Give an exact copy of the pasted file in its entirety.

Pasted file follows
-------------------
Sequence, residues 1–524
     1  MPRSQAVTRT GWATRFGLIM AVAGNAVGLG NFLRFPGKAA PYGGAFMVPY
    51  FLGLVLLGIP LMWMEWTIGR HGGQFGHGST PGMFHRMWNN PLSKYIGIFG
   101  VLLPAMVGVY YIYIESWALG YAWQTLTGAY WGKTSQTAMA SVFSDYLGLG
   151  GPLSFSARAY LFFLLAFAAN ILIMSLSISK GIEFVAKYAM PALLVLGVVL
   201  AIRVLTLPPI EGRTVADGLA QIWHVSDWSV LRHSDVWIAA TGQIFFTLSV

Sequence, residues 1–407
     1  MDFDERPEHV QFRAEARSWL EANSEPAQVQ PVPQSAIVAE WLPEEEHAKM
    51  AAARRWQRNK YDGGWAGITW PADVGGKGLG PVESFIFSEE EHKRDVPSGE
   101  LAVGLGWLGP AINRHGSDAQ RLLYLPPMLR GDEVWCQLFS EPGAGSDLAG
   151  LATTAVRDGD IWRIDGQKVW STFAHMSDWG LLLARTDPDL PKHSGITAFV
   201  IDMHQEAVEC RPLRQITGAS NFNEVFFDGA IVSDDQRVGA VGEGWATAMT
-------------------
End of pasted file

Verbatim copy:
Sequence, residues 1–524
     1  MPRSQAVTRT GWATRFGLIM AVAGNAVGLG NFLRFPGKAA PYGGAFMVPY
    51  FLGLVLLGIP LMWMEWTIGR HGGQFGHGST PGMFHRMWNN PLSKYIGIFG
   101  VLLPAMVGVY YIYIESWALG YAWQTLTGAY WGKTSQTAMA SVFSDYLGLG
   151  GPLSFSARAY LFFLLAFAAN ILIMSLSISK GIEFVAKYAM PALLVLGVVL
   201  AIRVLTLPPI EGRTVADGLA QIWHVSDWSV LRHSDVWIAA TGQIFFTLSV

Sequence, residues 1–407
     1  MDFDERPEHV QFRAEARSWL EANSEPAQVQ PVPQSAIVAE WLPEEEHAKM
    51  AAARRWQRNK YDGGWAGITW PADVGGKGLG PVESFIFSEE EHKRDVPSGE
   101  LAVGLGWLGP AINRHGSDAQ RLLYLPPMLR GDEVWCQLFS EPGAGSDLAG
   151  LATTAVRDGD IWRIDGQKVW STFAHMSDWG LLLARTDPDL PKHSGITAFV
   201  IDMHQEAVEC RPLRQITGAS NFNEVFFDGA IVSDDQRVGA VGEGWATAMT